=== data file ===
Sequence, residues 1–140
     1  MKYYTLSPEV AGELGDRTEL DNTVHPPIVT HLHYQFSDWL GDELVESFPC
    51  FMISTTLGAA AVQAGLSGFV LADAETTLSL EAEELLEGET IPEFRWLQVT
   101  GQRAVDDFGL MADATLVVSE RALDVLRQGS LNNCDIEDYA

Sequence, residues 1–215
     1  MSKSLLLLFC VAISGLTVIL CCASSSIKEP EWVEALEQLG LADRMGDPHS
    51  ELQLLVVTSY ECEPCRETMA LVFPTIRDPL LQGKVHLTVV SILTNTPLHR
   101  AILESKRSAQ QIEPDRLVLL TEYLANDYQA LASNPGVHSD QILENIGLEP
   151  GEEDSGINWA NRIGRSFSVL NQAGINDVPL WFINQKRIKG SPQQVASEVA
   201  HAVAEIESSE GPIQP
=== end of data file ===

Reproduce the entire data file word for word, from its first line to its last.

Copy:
Sequence, residues 1–140
     1  MKYYTLSPEV AGELGDRTEL DNTVHPPIVT HLHYQFSDWL GDELVESFPC
    51  FMISTTLGAA AVQAGLSGFV LADAETTLSL EAEELLEGET IPEFRWLQVT
   101  GQRAVDDFGL MADATLVVSE RALDVLRQGS LNNCDIEDYA

Sequence, residues 1–215
     1  MSKSLLLLFC VAISGLTVIL CCASSSIKEP EWVEALEQLG LADRMGDPHS
    51  ELQLLVVTSY ECEPCRETMA LVFPTIRDPL LQGKVHLTVV SILTNTPLHR
   101  AILESKRSAQ QIEPDRLVLL TEYLANDYQA LASNPGVHSD QILENIGLEP
   151  GEEDSGINWA NRIGRSFSVL NQAGINDVPL WFINQKRIKG SPQQVASEVA
   201  HAVAEIESSE GPIQP